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Hero Tales

Page: 25

"Then I went on board the waiting ship, and prospering breezes carried us without delays to Crete.

"Idomeneus received me joyfully, and entertained me most royally in his palace; and for nine days we feasted and made all things ready for the hunt. But, lo! on the evening of the last day, a vision came to me. Gold-winged Iris, the fleet-footed messenger of the gods, stood before me. 'Hasten back to Lacedaemon,' she cried, for thou art robbed of thy dearest treasure!' And even while she spoke, one of my own ships, came sailing into the harbor, bringing trusted heralds whom the elders of Lacedaemon had sent to me.

"They told me the fatal news. 'No sooner were you well on your way,' they said, 'than Paris began to put his ship in readiness to depart. Helen prayed him to tarry until your return, but he would not hearken, "I will stay no longer," he said. "My seamen rest upon their oars; the sails of my ship are spread; the breeze will soon spring up that will carry me across the sea. But you, beauteous Helen, shall go with me; for the deathless gods have spoken it. Aphrodite, long ago, promised that the most beautiful woman in the world should be my wife. And who is that most beautiful woman if it be not yourself? Come! fly over the sea, and be my queen. It is the will of the gods."'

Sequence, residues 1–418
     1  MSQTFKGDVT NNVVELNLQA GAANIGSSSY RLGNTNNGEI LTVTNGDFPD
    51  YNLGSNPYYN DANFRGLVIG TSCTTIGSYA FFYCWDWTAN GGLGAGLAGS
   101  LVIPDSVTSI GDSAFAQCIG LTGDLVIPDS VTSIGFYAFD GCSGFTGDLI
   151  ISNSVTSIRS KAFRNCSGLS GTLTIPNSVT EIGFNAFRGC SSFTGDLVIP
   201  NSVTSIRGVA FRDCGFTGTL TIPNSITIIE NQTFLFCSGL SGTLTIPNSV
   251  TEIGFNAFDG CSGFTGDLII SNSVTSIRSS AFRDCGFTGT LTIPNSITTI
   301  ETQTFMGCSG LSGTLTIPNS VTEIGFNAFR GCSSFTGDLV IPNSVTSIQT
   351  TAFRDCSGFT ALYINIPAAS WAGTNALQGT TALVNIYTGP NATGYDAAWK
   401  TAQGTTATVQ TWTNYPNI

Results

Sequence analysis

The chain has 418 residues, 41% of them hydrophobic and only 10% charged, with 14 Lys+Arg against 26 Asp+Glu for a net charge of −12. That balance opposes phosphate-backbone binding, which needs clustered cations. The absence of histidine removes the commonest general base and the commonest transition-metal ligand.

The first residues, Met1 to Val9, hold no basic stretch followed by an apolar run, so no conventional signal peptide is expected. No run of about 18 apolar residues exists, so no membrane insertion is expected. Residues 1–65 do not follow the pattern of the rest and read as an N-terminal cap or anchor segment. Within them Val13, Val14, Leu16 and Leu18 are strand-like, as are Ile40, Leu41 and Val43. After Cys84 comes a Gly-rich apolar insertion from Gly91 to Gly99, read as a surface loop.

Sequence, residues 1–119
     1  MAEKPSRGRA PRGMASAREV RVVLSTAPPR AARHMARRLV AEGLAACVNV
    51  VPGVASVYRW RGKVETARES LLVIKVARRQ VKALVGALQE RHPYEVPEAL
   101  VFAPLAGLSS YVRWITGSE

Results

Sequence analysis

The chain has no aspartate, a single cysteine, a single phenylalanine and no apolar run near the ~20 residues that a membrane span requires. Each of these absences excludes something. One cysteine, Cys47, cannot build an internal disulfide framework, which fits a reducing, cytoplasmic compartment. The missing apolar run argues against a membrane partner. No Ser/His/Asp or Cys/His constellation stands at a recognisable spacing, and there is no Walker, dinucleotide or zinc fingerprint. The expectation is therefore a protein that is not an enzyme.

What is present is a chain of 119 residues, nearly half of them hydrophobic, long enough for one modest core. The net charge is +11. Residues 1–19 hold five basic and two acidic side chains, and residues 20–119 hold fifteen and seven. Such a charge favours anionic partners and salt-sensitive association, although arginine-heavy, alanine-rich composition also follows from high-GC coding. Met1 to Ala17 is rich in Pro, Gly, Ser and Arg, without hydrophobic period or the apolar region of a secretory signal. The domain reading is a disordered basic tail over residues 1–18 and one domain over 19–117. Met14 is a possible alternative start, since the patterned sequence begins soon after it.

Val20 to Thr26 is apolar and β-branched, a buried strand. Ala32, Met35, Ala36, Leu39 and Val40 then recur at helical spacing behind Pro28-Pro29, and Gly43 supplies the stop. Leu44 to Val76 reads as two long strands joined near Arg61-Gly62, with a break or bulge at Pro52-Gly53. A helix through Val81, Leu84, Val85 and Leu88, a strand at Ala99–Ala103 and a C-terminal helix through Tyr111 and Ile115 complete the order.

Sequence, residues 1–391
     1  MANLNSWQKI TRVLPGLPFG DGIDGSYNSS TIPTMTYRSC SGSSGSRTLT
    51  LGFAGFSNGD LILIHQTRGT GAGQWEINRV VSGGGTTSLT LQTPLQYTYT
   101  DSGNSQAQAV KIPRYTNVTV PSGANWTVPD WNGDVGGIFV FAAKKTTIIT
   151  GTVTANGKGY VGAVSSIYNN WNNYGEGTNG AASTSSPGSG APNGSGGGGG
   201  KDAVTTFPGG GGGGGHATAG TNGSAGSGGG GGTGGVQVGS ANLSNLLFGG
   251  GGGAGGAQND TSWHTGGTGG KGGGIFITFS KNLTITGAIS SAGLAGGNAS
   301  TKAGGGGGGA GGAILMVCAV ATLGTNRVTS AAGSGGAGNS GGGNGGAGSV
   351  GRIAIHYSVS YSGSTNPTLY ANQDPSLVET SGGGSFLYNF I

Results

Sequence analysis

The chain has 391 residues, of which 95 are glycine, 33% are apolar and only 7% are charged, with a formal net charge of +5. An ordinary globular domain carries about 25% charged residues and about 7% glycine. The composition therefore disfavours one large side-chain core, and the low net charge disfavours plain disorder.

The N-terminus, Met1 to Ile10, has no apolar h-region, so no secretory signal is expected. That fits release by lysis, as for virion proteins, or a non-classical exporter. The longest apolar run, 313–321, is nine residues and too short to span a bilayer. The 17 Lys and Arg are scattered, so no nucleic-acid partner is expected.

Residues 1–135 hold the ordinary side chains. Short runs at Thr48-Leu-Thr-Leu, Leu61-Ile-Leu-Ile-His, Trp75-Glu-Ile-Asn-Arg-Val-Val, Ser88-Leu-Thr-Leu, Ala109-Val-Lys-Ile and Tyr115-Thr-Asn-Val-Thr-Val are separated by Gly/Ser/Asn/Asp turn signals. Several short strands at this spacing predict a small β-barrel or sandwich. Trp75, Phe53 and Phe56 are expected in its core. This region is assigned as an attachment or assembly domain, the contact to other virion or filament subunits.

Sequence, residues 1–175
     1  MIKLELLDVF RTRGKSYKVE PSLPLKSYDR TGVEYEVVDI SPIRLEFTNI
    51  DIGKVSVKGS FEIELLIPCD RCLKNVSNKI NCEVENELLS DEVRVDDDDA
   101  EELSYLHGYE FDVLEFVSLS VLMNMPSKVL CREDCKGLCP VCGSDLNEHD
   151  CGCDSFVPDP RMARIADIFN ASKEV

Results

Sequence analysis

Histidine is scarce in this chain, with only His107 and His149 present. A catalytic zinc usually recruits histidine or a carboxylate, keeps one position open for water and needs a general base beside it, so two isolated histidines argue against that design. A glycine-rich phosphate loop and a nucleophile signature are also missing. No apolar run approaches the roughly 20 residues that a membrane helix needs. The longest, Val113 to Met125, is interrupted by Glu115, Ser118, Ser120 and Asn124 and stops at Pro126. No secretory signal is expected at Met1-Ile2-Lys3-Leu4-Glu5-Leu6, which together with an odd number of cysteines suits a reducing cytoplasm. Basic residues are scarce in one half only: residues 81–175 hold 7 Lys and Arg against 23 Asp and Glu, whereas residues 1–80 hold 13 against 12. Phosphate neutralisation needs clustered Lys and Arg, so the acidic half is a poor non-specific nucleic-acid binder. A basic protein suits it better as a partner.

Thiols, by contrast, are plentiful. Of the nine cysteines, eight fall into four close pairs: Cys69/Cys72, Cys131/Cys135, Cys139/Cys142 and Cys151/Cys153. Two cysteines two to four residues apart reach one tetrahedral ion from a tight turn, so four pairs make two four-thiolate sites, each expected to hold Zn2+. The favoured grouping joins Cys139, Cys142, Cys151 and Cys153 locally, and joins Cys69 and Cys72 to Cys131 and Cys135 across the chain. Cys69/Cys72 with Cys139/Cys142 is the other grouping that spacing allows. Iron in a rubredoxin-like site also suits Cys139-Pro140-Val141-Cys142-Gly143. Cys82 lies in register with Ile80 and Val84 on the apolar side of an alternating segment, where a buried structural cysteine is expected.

"It was thus that the perfidious Trojan wrought the ruin of all that was dear to me.

"At first, Helen refused. But Paris is a handsome prince, and day after day he renewed his suit. Then on the sixth day she yielded. In the darkness of the night they went on board his waiting vessel, carrying with them the gold and jewels of my treasure house; and in the morning, when the sun arose on Lacedaemon, they were far out at sea.

"You know the rest: how in wrath and great sorrow I hurried home; how I first counselled with my own elders, and then with my brother Agamemnon. And now, O noble Nestor, we have come to Pylos, seeking thy advice. On these two things my mind is set: Helen must be mine again, and Paris must suffer the punishment due to traitors."

When Menelaus had ended, sage Nestor answered with many words of counsel. "Keep the thought of vengeance ever before you," he said. "Yet act not rashly. The power of Troy is very great; and, in case of war, all the tribes of Asia will make common cause with her. But an insult to Lacedaemon is an insult to all Greece, and every loyal Greek will hasten to avenge it. More than this, the chiefs of almost every state have already sworn to aid you. We have but to call upon them, and remind them of their oaths, and the mightiest warriors of our land will take up arms against the power of Troy."


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